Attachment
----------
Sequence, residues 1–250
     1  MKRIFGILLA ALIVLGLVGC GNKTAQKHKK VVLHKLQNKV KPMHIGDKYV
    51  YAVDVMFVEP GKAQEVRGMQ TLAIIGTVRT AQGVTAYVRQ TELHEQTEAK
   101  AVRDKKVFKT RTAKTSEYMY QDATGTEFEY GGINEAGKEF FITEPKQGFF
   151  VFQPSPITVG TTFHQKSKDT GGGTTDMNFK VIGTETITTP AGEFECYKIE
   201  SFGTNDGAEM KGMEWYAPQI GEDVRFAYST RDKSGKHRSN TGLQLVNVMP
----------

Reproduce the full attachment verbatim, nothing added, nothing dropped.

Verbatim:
Sequence, residues 1–250
     1  MKRIFGILLA ALIVLGLVGC GNKTAQKHKK VVLHKLQNKV KPMHIGDKYV
    51  YAVDVMFVEP GKAQEVRGMQ TLAIIGTVRT AQGVTAYVRQ TELHEQTEAK
   101  AVRDKKVFKT RTAKTSEYMY QDATGTEFEY GGINEAGKEF FITEPKQGFF
   151  VFQPSPITVG TTFHQKSKDT GGGTTDMNFK VIGTETITTP AGEFECYKIE
   201  SFGTNDGAEM KGMEWYAPQI GEDVRFAYST RDKSGKHRSN TGLQLVNVMP